Today is the 40th edition of our periodic guest post series called 10 Questions. We have a list of 17 questions we pose to fellow financial bloggers, and they are free to pick and choose 10 or answer all of them. Let us know if you would like to be featured in a future edition of 10 Questions.
One thing that is awesome about the personal finance blogger community is how open many of us are about our finances. Growing up, my parents wouldn’t even tell me what their income was. The one time I asked, they yelled at me. Here in the blogger community, we have folks tracking their net worth for the world to see. I love it that Freedom 40 and others are doing this!
Tell me about your blog and why it’s great.
Freedom40Plan.com is a blog focused on my own quest for financial independence by the age of 40. I’ve always been interested in money and personal finance topics, and setting a big hairy audacious goal (BHAG) like retirement at 40 seemed like a great way to keep me on track. I’m not sure if I’ll stop working at 40 or not, but I love the idea of being able to have the freedom to make the choices I want, and to do something like quit my safe, 9 to 5 job if that’s what I decide to do.
What goals do you have for your blog, short and long term?
The purpose of my blog in many ways is to hold me accountable to the goal I’ve set for myself. By remaining focused on the topic through my blog postings, I feel I’ll have a much better chance of success. I’d love to help out others in the community as well and hope that people are able to take something away from my perspectives and experiences. So far, I’ve really enjoyed posting and receiving feedback and comments from those who read the blog.
Do you enjoy writing?
I’ve always enjoyed writing since I was very young. However, in my everyday life, mostly all I do is write emails to work colleagues. Writing on a regular basis about topics I’m interested in for the blog has been a good activity and hobby for me. It’s helped me to remember the value I personally derive from writing and is getting me closer to another goal of writing a book someday.
1500 Days is about early retirement. Do you have early retirement dreams? At what age do you think you will retire?
Freedom40plan.com is also about early retirement, or perhaps more accurately, financial independence (FI). I’ve always been a bit of a dreamer and the blog is a tool to move me from dream mode into action mode. It’s also to help me draw a line in the sand and say, “once I am 40, I will be financial independent and can safely quit my job and do whatever I want after that”. Right now the goal is age based, but obviously there is a dollar value that should be associated with the plan. I’m still working on determining what that should be…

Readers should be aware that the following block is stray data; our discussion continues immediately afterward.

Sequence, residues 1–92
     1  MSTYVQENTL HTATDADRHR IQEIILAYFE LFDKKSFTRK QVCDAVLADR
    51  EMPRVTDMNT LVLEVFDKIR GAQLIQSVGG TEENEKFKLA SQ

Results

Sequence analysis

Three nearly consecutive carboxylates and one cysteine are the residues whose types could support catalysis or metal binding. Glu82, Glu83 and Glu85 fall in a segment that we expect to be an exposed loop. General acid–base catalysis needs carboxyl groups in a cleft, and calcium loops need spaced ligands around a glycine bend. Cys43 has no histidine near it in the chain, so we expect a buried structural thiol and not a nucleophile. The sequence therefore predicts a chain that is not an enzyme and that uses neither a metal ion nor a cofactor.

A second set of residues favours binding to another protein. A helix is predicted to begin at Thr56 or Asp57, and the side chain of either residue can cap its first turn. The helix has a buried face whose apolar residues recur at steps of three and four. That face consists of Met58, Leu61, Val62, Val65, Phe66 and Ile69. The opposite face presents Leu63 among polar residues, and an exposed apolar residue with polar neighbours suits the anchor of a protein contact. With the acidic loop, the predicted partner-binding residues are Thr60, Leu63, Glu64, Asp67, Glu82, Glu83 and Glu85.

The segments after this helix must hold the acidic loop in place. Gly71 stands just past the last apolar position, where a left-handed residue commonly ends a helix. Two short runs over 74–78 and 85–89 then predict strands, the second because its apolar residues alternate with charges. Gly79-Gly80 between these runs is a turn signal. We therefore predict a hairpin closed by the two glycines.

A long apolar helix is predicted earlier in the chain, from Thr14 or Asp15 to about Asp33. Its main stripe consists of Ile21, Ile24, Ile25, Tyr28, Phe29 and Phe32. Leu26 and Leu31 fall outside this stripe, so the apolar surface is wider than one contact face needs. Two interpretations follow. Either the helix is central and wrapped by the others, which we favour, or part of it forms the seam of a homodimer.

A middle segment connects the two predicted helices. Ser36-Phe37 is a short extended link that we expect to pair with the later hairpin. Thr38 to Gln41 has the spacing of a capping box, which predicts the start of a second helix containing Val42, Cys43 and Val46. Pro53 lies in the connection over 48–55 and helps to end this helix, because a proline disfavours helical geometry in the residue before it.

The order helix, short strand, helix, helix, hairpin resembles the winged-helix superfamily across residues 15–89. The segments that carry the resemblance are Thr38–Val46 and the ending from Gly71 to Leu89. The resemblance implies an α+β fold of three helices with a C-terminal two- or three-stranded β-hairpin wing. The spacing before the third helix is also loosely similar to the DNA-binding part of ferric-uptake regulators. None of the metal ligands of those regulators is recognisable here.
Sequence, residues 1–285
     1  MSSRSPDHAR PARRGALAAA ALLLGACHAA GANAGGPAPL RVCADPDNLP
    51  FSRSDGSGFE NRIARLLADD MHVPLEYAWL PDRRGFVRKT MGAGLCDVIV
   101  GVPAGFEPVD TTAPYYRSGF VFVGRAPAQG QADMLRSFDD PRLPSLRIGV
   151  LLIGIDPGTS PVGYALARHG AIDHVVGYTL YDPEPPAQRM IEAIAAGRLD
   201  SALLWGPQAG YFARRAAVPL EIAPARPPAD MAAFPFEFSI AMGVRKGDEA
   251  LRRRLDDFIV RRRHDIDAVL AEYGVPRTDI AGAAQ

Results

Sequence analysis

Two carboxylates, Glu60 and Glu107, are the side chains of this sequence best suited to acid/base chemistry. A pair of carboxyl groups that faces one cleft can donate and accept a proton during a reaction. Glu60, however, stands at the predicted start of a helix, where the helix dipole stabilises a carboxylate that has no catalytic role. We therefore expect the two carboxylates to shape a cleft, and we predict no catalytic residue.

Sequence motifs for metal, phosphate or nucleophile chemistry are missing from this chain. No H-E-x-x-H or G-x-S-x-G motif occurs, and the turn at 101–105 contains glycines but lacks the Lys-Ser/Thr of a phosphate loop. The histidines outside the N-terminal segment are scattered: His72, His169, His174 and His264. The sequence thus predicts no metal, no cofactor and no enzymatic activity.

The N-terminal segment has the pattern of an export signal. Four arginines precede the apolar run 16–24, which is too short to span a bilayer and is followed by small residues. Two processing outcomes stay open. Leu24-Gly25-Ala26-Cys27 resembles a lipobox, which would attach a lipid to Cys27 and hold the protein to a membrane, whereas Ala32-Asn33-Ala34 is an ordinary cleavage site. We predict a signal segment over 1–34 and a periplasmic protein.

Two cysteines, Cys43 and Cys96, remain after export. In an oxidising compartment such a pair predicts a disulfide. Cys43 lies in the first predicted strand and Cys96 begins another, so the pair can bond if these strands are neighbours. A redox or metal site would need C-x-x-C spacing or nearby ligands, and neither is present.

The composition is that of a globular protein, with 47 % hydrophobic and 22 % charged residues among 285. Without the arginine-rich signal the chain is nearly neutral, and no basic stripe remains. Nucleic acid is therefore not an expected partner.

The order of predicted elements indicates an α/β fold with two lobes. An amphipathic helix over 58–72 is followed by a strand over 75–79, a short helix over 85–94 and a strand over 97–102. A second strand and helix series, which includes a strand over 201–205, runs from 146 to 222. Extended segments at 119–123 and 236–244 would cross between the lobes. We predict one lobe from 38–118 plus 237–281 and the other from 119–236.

If blogging isn’t your full time gig, what is?
I’m definitely not a full time blogger, although that does sound appealing. Perhaps someday….right now for my 9 to 5 (err 8 to 6 plus) I’m a management consultant working in the DC metro area. I try to make government agencies run just a little bit better. It’s an uphill battle…
When you are 90 and look back on your life, what do you hope you have accomplished?
I think about this question somewhat often, but I think it is less a question of accomplishments for me and rather a question related to regrets. If I should be so lucky to live to 90, I don’t want to have any regrets. I want to be able to look back on my life and say that I did things the way I wanted to, rather than the way others do them or think they should be done.
What is the best money management or investment tool you have come across?
I think the basic concept of tracking your net worth on a monthly basis is the single most important and powerful tool I’ve come across. I think that clearly seeing how your assets and liabilities are moving and changing on a monthly basis can be incredibly powerful in driving behavioral changes.
Did you grow up with money? How did your money situation growing up influence you?
It’s all relative I guess. I never thought we were that poor when I was growing up. Certainly we had more than many others in my school. But looking back on it, I guess we were solidly middle class. It was always clear to me growing up that we were on a tight budget. We never really went out to eat, vacations typically involved tent camping at a nearby state park, and for the longest time my Mom drove a crappy old ford with over 100k miles on it.
Did your parents teach you about money as a kid? How so?
Mom always made a point of explaining money to me from an early age. She helped me open a bank account when I was 10 and when I wanted a new bike the deal was that she’d pay for half of it only. I had to save for months before I had enough to buy it. You better believe I valued that bike and took great care of it though! That’s just one of many examples I could give that are all basically the same. I guess that’s what turned me into such a saver and in being overall mindful of my money.
What is your favorite style of beer – and what is your favorite beer in that style?
I’ve rarely met a beer I don’t like, but one of my favorites around this time of year is Sea Dog Hazelnut Porter.
What do you do for exercise?
I play basketball twice a week with a bunch of guys. Even though I’m not the best player, I love the game and it is great exercise. Beyond that I run from time to time but really need to do better about the consistency of my fitness regimen.
Thanks Freedom 40 for your answers today! Be sure to stop in and say ‘Hi!’ to Mr. Freedom (I just made that up) over at his blog. Best of luck on your journey!
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